Walton: We believe in innovation and the empowerment of all companies, small or large, and we build products to do that. We do studies on companies that use our products for collaboration and empowerment to change their culture. We find that those that are publicly traded have higher stock prices after they do a digital transformation than before. I think innovation is core to manufacturers, core to retailers, and core to other industries as well.
AD: What kind of challenges do small companies face in terms of innovation?
Walton: We usually see the most innovation with new companies and small teams. It’s always been some group of people with ideas. But small manufacturers today in the U.S., with less than 50 employees, spend two and a half times the amount of money on managing benefits and regulatory compliance, as do large manufacturers. Small companies are probably the most innovative, but they are being handicapped right out of the gate, as compared to large companies. We need to remove these barriers.
AD: What do you feel will happen if manufacturing doesn’t embrace innovation?
AD: What role does leadership play in creating a culture of innovation?
Walton: Leadership is key, but it has to be the right leadership. Does the VP of engineering get ?to give an opinion on innovation at the C-suite at a large company? Most typically not. At large companies the CIO does not get a standard vote, nor do the VPs of production. Neither do the VPs of quality or supply chain management. All the people who are responsible for making a product better, faster, and cheaper don’t have a voice at the innovation table at the C-suite. There’s the disconnect, and it has to change.
AD: Embracing innovation also can mean embracing failure. Please explain.
Walton: One of my most successful programs was at a company where we transformed multiple plants in their product quality, inventory, and maintenance. They were able to react faster than they ever had before. But the program was considered marginally successful at the C-suite and director level because it went 6 percent over cost. Companies say, “Please help us, we need this technology.” Their margins and market share are eroding, but program heads are afraid of some innovation because if it fails, they could get fired. And that’s the wrong culture, period.
AD: How important is it for manufacturing companies to embrace failure as a learning tool?
Walton: Most companies do not celebrate failure. We always look at the top-performing companies in the world that are considered the most innovative. And I can tell you they have a culture of innovation and collaboration. While they may not be fully there, they are on the voyage of collaboration, transparency, and ideas everywhere. On top of it, these top-performing companies don’t have retribution for failure. They celebrate lessons learned. That’s simply not the case at other less performing companies, whether they make plastic, food, or airplanes.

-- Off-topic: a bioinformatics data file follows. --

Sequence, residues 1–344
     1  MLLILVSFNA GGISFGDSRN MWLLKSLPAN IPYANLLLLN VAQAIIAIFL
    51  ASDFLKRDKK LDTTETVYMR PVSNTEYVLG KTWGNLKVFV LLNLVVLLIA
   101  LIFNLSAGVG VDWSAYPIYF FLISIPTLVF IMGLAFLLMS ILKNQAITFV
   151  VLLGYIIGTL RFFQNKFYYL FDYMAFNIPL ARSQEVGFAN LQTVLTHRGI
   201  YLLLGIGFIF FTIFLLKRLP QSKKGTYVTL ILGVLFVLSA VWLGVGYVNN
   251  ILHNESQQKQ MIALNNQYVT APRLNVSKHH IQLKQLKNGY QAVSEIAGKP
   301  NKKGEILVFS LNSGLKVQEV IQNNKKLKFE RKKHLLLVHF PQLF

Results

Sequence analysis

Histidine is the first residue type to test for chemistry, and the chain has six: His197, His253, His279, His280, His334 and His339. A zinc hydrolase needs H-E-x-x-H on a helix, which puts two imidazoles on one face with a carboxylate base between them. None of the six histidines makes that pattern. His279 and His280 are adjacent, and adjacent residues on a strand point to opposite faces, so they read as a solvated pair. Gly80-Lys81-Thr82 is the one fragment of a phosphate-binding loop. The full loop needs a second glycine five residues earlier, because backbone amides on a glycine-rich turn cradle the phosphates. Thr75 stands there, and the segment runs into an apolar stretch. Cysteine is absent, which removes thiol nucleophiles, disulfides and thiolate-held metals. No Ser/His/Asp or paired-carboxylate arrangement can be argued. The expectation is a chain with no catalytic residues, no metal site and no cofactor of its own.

AD: Tell us about the manufacturing maturity model.
Walton: The Association for Manufacturing Excellence is changing how they assess the AME Excellence Award for the manufacturing maturity model. They feel like they’ve needed to take a step back and ask more questions. For example, “We saw incremental improvement, but were the ideas sustainable? Was it the idea of someone at the top, or was it an idea from everywhere? Did we really listen?” So in the future there is going to be an innovation component for companies to be evaluated by the manufacturing maturity model. That’s a big change. Instead of asking, “Are you LEAN? Do you have Kaizan? What’s you safety record?” Now they are asking things like, “Are you collaborative? Do you celebrate failure? Are you innovative?” Those are different questions from “Do you do R&D? Do you have sustainable processes for LEAN?”
AD: Are large companies on board with creating a culture of innovation?
Walton: It’s just recently that the very large compa-nies took us seriously in the manufacturing industry. That’s in large part because they keep acquiring smaller companies that are already lean and advanced. Large companies find out these smaller companies are built on these technologies and they need to be taken seriously.
AD: Tell us about Google for Work.
Walton: We take products that we’ve created worldwide and we’ve created an enterprise called Google for Work. It’s the enterprise edition of those tools for companies to find information faster. The products help companies collaborate better, have a voice of empowerment, be better able to collect data from almost anywhere, and be able to analyze that information. Google for Work helps companies make decisions with real data, not opinion. In short, we are bringing back mission to the marketplace.
AD: How does a company know it has embraced a digital and innovative culture?
Walton: We are working with a manufacturing company right now. Their language changed. They now say, “We are a digital company that makes electronics.” If you think like that, you can be a leader in the world today. Some companies are embracing this future. Others are not. We are at the epicenter. The cusp has already passed. We are now at the cliff of those who do and those who don’t.